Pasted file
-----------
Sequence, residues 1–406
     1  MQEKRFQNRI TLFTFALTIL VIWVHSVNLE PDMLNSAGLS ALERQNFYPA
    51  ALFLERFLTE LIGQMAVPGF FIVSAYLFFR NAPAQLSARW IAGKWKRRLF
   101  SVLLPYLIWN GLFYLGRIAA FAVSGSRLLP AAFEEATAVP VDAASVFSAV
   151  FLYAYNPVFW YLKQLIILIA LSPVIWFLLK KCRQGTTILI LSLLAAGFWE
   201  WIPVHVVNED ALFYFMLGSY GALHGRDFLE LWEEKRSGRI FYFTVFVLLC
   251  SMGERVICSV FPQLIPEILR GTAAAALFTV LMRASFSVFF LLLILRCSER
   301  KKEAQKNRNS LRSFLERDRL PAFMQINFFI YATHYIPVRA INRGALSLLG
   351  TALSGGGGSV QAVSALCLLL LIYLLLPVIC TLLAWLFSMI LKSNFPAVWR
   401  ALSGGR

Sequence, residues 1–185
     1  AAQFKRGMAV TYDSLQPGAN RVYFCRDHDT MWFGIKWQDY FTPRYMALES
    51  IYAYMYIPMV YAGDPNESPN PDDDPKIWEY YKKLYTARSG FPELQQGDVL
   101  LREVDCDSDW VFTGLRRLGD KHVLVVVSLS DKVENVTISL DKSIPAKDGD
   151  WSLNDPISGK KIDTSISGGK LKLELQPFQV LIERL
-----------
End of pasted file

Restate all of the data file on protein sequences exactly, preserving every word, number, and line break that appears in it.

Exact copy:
Sequence, residues 1–406
     1  MQEKRFQNRI TLFTFALTIL VIWVHSVNLE PDMLNSAGLS ALERQNFYPA
    51  ALFLERFLTE LIGQMAVPGF FIVSAYLFFR NAPAQLSARW IAGKWKRRLF
   101  SVLLPYLIWN GLFYLGRIAA FAVSGSRLLP AAFEEATAVP VDAASVFSAV
   151  FLYAYNPVFW YLKQLIILIA LSPVIWFLLK KCRQGTTILI LSLLAAGFWE
   201  WIPVHVVNED ALFYFMLGSY GALHGRDFLE LWEEKRSGRI FYFTVFVLLC
   251  SMGERVICSV FPQLIPEILR GTAAAALFTV LMRASFSVFF LLLILRCSER
   301  KKEAQKNRNS LRSFLERDRL PAFMQINFFI YATHYIPVRA INRGALSLLG
   351  TALSGGGGSV QAVSALCLLL LIYLLLPVIC TLLAWLFSMI LKSNFPAVWR
   401  ALSGGR

Sequence, residues 1–185
     1  AAQFKRGMAV TYDSLQPGAN RVYFCRDHDT MWFGIKWQDY FTPRYMALES
    51  IYAYMYIPMV YAGDPNESPN PDDDPKIWEY YKKLYTARSG FPELQQGDVL
   101  LREVDCDSDW VFTGLRRLGD KHVLVVVSLS DKVENVTISL DKSIPAKDGD
   151  WSLNDPISGK KIDTSISGGK LKLELQPFQV LIERL